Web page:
Facebook reveals how influence campaigns changed between the 2016 and 2020 elections

Facebook is better at finding fake accounts, but they're coming from more sources than before.

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INDIA - 2021/01/15: In this photo illustration a Facebook logo seen displayed on a smartphone. (Photo Illustration by Avishek Das/SOPA Images/LightRocket via Getty Images)
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Facebook has published a new report on the state of influence operations on its platform. The report, which covers the period between 2017 and 2020, sheds new light on the company’s efforts to prevent election interference, and how attempts to manipulate its platform have evolved.

The report notes influence campaigns have changed a lot since 2016, when Russia’s Internet Research Agency used fake accounts to great effect. While Facebook is still uncovering IRA activity, its tactics are changing. For example, last year Facebook and Twitter uncovered an IRA scheme that involved US-based journalists who were unwittingly conned into authoring articles for a fake news site meant to prop up their influence campaigns. (Both Facebook and Twitter said at the time that the fake accounts were found before they could reach a large audience.)

“Threat actors basically faced an empty field in 2016, and the world is very different today,” Facebook’s Head of Security Policy, Nathaniel Gleicher, said during a call with reporters. “But also… there are more actors who are using these techniques today than was the case in 2016.”

Another major difference between now and 2016 is that “inauthentic behavior” is more frequently coming from within the country being targeted, not just from foreign actors. In the report, Facebook notes that it down an equal number of CIB (coordinated inauthentic behavior) networks from Russia, Iran and the US itself.

Facebook found just as many networks of fake accounts in the US as from Russia and Iran.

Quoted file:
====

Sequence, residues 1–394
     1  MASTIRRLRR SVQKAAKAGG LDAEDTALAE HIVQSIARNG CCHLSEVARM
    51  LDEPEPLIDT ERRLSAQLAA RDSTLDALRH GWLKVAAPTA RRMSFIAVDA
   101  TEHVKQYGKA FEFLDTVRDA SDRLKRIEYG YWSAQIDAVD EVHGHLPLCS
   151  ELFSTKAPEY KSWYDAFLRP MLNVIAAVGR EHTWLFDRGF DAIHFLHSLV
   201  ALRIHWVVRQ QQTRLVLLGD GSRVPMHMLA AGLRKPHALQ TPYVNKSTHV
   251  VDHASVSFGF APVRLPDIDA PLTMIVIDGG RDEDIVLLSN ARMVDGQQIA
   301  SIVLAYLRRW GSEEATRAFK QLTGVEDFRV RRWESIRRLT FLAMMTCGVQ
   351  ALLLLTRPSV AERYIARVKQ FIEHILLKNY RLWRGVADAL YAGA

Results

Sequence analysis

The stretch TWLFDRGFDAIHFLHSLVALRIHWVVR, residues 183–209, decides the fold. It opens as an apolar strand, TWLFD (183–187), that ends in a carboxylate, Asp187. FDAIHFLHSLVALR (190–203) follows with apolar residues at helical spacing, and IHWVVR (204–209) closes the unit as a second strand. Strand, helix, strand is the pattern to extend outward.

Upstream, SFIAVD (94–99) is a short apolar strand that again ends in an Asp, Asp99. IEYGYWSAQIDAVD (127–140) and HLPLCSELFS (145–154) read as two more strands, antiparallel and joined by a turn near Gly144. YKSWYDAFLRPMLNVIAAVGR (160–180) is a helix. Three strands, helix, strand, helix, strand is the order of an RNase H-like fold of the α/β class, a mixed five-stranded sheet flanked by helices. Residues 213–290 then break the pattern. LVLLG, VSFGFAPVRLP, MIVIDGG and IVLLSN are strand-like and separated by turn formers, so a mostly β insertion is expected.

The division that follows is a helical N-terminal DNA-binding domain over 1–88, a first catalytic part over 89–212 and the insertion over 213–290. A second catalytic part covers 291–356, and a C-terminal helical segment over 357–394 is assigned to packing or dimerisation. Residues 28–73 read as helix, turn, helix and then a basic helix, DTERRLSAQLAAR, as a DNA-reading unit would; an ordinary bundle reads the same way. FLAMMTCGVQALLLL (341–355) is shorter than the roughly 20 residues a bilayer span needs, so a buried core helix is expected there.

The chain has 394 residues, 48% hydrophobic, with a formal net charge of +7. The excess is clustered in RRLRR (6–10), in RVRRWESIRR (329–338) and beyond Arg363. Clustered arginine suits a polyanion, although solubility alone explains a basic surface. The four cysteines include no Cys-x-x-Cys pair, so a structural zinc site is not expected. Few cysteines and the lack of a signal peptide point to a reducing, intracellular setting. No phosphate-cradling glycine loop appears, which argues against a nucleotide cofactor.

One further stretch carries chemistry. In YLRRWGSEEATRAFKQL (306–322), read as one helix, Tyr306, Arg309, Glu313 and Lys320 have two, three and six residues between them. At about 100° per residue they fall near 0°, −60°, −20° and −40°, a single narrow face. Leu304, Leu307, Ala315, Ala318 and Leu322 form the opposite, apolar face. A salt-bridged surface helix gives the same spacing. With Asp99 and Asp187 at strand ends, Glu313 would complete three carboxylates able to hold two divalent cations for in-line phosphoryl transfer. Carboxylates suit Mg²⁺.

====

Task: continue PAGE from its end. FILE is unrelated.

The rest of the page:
Facebook

Of those originating in the US, “more than half were campaigns operated by conspiratorial and fringe political actors that used fake accounts to amplify their views and to make them appear more popular than they were.”

Also complicating matters: that these networks often relied on real people to spread their message or run fake accounts. And though the report doesn’t specifically name Donald Trump, it notes that the “then-US President” was among those “promoting false information amplified by IO [influence operations] from various countries including Russia and Iran.”

Of course, Facebook dealt with numerous other issues surrounding the election besides fake accounts. The company was slow to address QAnon and other extremists prior to the election, and these groups were able to spread conspiracy theories relatively unchecked for months. Following the election, Facebook failed to prevent the “Stop the Steal” movement, which fueled the violence on Jan. 6. An internal report from Facebook suggested that the company’s focus on looking for fake accounts may have blinded it to the dangers posed by legitimate accounts spreading conspiracy theories.

“The US 2020 election campaign brought to the forefront the complexity of separating bad actors behind covert influence operations from unwitting people they co-opt or domestic influencers whose interests may align with threat actors,” the report says.

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